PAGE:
Communication During Crisis
Leaders across the world are now walking through an event that requires a new type of communication. Many industries have been hit hard seemingly overnight. Others will have more of a lag to them as the economic effects cascade. While others, gratefully, aren’t impacted as profoundly, or perhaps are even in a position to thrive.
Today I want to speak to the group in the middle: the businesses that haven’t already shut down operations or drastically cut team size, but who understand the real possibility of that happening.
In his book Good to Great, author Jim Collins profiles an Admiral from Vietnam named Jim Stockdale. Stockdale was shot down, and he became a prisoner of war. He was in a POW camp for eight years, tortured more than twenty times, and never knew if or when he’d be released. Eight years is a long time for something like that. Stockdale saw other POW prisoners come and go during that time. But after those eight long years, he made it back home to his family and country.
Naturally, he has been interviewed a good bit about his experience. He and his wife also wrote a book about it through the lens of their relationship. So as Jim Collins is learning about Stockdale’s time, he was curious to learn how exactly he managed to survive. It was clear that Stockdale never doubted that he would make it. That was key. But there was more. One of the questions Collin’s asked is, “Who didn’t make it out?”
Stockdale quickly answered, “Oh, that’s easy. The optimists.”
What he noticed was that the prisoners who optimistically expected to be free by Christmas were let down. Then they’d expect to be free by Easter. Let down again. Then they’d wait for Thanksgiving — only to be let down again. And so on. That led Stockdale to note this lesson:
You must never confuse faith that you will prevail in the end — which you can never afford to lose — with the discipline to confront the most brutal facts of your current reality, whatever they might be.
That is where many business leaders find themselves amidst COVID-19 right now. They have faith in the end of their story as a team. It’s strong. It’s resolute. But at the same time, they also recognize the brutal facts and must plan for and around them.
That is why leaders need to lean into discomfort right now.
What does “Clarity Over Comfort” look like in practice? That will depend, in large part, on what your team looks like. I think there are a few constants, though, that we can consider for most of us.
The first is that we can’t shy away from bad news or bad projections. If you anticipate your revenue dropping to a point where you may need to make changes to your team (compensation reductions, furloughs, layoffs, etc.), you may initially want to hold onto that information. After all, why spread fear through your team, right?
Well, in these circumstances, it’s a guarantee that your team is wondering if their job is at risk. So if it is, tell them. If it’s not, tell them.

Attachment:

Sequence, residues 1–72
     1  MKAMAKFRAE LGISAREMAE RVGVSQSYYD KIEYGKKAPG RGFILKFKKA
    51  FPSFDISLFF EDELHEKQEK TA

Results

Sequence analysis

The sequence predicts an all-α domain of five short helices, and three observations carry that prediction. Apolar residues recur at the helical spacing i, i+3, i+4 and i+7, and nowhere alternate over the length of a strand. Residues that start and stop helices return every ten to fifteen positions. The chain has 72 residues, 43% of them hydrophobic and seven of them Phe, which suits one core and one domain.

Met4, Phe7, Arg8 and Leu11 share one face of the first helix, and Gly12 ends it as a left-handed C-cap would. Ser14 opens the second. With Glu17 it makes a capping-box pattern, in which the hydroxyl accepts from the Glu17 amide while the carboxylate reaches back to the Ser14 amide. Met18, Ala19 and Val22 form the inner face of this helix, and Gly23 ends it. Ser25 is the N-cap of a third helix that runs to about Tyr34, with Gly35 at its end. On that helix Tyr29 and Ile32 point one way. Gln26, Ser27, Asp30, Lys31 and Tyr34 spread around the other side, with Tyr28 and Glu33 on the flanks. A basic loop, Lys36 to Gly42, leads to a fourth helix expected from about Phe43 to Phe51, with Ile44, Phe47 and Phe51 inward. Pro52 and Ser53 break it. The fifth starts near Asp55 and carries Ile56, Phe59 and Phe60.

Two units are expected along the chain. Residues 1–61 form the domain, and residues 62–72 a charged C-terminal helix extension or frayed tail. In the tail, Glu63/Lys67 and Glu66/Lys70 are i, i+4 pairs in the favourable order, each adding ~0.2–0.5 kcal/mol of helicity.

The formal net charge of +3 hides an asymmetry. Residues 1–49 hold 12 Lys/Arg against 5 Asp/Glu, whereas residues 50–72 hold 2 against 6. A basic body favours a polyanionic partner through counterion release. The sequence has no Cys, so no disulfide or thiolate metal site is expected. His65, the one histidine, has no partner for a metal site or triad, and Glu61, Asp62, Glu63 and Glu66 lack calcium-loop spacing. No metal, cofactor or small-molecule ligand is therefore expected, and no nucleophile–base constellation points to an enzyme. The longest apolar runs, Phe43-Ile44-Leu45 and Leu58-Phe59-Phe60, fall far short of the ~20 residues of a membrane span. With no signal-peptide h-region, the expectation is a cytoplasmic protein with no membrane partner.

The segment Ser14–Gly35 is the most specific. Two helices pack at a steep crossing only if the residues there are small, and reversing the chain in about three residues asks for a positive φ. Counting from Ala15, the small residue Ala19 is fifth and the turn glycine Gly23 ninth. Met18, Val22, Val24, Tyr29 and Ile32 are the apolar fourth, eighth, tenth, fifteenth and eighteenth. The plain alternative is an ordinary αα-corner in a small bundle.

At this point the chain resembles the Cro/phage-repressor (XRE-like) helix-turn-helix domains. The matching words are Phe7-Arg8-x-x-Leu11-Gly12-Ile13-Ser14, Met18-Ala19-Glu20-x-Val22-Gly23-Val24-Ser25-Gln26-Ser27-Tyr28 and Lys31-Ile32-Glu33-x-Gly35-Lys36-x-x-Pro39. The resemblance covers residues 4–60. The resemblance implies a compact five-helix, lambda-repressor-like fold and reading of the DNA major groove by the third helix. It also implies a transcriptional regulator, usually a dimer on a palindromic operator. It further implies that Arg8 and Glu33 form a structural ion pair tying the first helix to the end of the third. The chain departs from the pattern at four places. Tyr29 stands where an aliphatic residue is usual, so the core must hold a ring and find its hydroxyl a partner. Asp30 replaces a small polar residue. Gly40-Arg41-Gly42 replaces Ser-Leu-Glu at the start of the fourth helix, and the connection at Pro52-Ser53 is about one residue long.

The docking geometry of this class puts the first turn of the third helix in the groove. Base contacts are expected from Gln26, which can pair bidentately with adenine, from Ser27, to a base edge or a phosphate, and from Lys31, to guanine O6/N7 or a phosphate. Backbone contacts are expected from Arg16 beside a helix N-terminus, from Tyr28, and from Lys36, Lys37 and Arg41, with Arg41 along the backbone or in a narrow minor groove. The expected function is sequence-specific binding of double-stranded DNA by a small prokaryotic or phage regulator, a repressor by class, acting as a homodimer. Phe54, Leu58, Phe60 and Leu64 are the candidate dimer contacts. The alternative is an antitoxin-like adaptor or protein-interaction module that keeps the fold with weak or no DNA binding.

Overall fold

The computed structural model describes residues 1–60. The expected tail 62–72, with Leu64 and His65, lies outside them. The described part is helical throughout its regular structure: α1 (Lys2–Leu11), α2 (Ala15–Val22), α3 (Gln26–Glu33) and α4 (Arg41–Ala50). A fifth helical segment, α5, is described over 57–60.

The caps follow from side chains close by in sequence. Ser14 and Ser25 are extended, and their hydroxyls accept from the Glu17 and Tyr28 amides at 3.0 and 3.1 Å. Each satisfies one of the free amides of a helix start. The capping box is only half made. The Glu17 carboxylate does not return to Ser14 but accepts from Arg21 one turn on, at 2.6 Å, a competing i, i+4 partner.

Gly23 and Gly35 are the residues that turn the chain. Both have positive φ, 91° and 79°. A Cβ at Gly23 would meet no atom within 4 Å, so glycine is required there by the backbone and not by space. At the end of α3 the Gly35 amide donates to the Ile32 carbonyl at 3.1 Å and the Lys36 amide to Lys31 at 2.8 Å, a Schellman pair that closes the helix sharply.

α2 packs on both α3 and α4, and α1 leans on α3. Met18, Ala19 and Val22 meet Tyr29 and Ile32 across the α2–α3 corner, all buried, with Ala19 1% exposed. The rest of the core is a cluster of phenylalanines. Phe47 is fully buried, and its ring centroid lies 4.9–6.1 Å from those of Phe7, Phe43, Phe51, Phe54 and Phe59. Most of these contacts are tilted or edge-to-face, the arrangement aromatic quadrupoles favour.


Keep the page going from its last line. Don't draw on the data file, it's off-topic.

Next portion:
No news or communication is worse than bad news. The absence of updates leaves a gap in one’s awareness that gets filled in with stories and assumptions. Our nature as humans is to fill in the gaps with stories. Your team, and you, for that matter, are much better off with accurate bad news.
Conversations about potential cutbacks are not fun; in fact, they’re often avoided. But if there’s ever a time to throw comfort out the window, it’s now. Your team deserves as much clarity as you can provide. As one of our team members remarked, “Clarity has ironically resulted in increased comfort. Being on the other side of this messaging, clarity and transparency went from being uncomfortable to empowering — I feel better knowing what could be ahead.”
The nature of COVID-19 is that there is new information daily, if not hourly. If you currently communicate with your team in a monthly or weekly fashion, you’ll need to get out of your comfort zone and increase that frequency.
Right now, it seems like multiple updates a week are necessary for certain parts of the world. In the U.S., for example, we’re in the middle of numerous bills being negotiated and passed, which has the potential to change both the business and personal plans and expectations. Because of these frequent changes and updates, we need to have regular communication with our teams.
When sharing updates with your team, it’s important to be confident and composed, but not definitive. One thing we all have in common right now is that we can’t confidently predict how things will shake out. We need to approach our plans and communication with a fluid mindset, understanding we’ll get certain things wrong or we’ll need to pivot multiple times along the way.
Everyone has an important part to play in this fight. Leaders shouldn’t be putting on fake smiles and pretending this isn’t hard and taxing. We should be steady, poised, and solutions-focused.
Take time to appreciate the positives, but don’t bury your head in the sand. As Admiral Stockdale said:
“You must never confuse faith that you will prevail in the end — which you can never afford to lose — with the discipline to confront the most brutal facts of your current reality, whatever they might be.”
I invite you to commit to Clarity Over Comfort with your team. Lean in, trust the team, band together, and fight the fight together.
And never lose the faith that you will prevail in the end.
Published on March 26, 2020
© 2023 Erik Reagan unless otherwise noted
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